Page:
Earlier this year, a private member’s bill was introduced in the Legislative Assembly of Ontario for the purpose of amending the province’s Business Corporations Act. The apparent aim of bill 101, Enhancing Shareholders Rights Act, 2017 is to provide shareholders with greater opportunities for engagement and control within the corporate apparatus and to “modernize” Ontario’s corporate legislation. The proposed sweeping amendments relate primarily to in-vogue discussion topics on board diversity, majority voting requirements and “say on pay.”
However, while the bill is relatively short, its shortcomings are long.
Initiating a shareholder proposal to nominate directors under the act currently requires representation from holders of at least five per cent of the shares of the corporation or five per cent of the class or series of shares entitled to vote at the meeting at which the proposal will be presented. Similarly, to requisition a meeting of shareholders, representation from holders of at least five per cent of the shares of the corporation is required. The bill proposes to reduce the five-per-cent thresholds to three per cent, thereby making it easier for shareholders to advance their interests in this regard.
Those that are skeptical about non-strategic and undisciplined shareholder activism may take issue with this change; what’s the magic with three per cent? Some might argue that this provides activist shareholders with the ability to potentially extend their influence into the operations of the corporation — which properly belongs with the board and management.
This may extend activist shareholders’ personal agendas rather than the best interests of the corporation as a whole.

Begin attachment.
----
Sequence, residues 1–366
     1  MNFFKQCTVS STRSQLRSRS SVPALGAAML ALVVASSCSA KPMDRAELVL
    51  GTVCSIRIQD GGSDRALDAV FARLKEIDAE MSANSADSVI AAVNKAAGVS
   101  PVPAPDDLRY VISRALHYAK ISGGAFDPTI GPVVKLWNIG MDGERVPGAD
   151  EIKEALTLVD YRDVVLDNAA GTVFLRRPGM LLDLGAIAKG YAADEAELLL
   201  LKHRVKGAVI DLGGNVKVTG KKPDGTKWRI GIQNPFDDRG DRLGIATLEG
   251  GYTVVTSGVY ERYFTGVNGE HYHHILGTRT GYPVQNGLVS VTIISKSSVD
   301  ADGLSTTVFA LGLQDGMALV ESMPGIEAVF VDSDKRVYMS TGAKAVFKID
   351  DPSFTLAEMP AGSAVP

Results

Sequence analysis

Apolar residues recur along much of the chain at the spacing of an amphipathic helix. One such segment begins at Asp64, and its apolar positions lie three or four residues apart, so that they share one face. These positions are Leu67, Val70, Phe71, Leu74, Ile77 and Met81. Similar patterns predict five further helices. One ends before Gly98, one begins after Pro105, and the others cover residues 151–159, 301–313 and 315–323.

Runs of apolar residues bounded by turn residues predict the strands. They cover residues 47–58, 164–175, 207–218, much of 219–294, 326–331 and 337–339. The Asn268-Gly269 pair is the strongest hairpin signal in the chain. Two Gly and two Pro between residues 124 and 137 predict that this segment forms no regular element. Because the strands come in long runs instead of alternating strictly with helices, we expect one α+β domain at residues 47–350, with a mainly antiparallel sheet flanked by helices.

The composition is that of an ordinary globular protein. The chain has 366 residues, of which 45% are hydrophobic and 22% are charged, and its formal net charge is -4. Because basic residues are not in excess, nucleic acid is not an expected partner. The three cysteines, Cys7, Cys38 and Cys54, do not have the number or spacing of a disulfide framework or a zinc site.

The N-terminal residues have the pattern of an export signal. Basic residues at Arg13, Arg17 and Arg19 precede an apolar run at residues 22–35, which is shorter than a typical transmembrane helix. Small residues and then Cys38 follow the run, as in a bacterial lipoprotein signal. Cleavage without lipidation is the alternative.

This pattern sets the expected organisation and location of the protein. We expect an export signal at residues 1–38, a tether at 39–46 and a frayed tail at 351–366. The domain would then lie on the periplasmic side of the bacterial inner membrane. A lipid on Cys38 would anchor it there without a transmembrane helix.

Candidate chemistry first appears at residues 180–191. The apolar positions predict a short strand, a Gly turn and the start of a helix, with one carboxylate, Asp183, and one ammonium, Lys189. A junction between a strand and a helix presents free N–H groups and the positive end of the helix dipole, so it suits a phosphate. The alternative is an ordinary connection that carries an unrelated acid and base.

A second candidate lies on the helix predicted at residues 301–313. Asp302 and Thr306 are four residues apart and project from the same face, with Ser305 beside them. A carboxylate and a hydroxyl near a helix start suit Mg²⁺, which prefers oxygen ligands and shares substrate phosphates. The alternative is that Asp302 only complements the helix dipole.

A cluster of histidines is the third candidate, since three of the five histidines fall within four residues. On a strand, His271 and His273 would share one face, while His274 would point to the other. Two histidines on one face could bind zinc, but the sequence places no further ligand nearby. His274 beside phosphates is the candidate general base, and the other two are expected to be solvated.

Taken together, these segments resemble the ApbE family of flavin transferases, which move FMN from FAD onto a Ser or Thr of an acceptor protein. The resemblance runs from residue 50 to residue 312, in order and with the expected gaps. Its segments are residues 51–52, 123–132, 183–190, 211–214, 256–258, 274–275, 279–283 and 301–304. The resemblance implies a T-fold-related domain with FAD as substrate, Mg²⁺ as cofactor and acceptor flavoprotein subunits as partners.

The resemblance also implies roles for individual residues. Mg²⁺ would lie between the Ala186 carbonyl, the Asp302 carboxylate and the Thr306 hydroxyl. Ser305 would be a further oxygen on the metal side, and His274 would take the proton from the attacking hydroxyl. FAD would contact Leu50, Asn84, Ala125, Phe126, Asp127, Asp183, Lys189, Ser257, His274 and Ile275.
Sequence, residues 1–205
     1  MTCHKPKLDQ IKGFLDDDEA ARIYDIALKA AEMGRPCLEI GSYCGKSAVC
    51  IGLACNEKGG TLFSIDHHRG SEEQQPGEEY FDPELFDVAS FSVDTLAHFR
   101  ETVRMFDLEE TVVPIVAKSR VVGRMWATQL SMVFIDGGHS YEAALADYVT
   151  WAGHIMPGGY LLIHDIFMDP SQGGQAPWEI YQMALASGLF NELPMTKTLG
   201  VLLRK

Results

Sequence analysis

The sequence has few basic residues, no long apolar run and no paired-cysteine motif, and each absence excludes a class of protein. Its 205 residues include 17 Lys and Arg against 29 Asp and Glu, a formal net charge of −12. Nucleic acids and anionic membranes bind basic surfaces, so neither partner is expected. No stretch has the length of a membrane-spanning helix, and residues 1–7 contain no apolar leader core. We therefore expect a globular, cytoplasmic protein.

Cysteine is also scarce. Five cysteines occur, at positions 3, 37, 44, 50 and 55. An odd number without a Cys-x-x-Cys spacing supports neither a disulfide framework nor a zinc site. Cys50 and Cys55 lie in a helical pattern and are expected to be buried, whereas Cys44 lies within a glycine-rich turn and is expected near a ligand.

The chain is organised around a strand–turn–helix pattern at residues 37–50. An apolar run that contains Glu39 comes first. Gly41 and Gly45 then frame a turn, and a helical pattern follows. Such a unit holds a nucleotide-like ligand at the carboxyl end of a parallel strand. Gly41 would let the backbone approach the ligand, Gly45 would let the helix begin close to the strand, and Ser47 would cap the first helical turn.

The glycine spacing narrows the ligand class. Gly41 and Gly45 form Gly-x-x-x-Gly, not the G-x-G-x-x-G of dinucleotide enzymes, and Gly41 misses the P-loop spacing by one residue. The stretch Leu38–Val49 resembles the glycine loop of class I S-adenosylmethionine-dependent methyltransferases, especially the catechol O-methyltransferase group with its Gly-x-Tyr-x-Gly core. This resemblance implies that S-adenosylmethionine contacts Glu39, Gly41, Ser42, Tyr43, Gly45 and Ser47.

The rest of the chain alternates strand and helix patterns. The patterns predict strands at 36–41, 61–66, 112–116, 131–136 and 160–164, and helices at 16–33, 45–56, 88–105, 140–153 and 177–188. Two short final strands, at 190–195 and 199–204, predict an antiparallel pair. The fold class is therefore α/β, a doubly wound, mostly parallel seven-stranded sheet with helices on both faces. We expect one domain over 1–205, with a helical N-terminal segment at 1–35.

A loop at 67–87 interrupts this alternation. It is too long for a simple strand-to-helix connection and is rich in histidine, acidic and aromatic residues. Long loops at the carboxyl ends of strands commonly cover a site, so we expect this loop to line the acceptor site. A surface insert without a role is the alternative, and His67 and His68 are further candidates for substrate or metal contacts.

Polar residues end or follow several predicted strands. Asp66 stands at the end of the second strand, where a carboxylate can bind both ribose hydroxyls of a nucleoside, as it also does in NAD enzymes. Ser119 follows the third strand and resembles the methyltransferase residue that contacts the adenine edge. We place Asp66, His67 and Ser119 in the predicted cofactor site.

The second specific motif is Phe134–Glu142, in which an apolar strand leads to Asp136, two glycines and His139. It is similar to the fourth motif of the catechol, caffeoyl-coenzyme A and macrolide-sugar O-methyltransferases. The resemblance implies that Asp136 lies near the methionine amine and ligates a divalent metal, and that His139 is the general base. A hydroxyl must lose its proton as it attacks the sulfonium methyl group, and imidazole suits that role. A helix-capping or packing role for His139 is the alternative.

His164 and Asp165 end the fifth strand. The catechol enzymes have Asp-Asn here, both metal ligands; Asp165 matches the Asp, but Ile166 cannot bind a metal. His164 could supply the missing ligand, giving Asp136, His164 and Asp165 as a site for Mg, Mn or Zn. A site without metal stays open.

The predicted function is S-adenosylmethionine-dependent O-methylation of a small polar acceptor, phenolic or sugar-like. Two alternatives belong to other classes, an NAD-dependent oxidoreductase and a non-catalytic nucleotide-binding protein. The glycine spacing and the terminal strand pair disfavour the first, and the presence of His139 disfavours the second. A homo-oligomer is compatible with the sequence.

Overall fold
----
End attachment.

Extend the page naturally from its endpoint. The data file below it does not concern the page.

The act also currently provides for a plurality voting regime in which shareholders can either vote in support of a director nominee or withhold support — there is no “against” option. Under this regime, directors in uncontested elections can be elected to the board with a single vote in support, irrespective of the number of votes withheld. In addition, the act currently allows for director nominees to be elected as a slate and up to a maximum term of three years.
The bill seeks to enhance shareholder democracy in director elections in three key ways. Firstly, the bill proposes a majority voting requirement for all corporations covered under the act, which would require a nominee in an uncontested election to obtain majority support from shareholders.
Secondly, the bill introduces a requirement that each director must be elected individually, effectively prohibiting slate voting. Thirdly, the bill proposes that directors only be permitted to be elected for a maximum term of one year.
While each of these three amendments has its issues, there is a concern that limiting terms to one year may limit the value and benefits of institutional knowledge that a long-serving director may contribute to a meaningful discussion.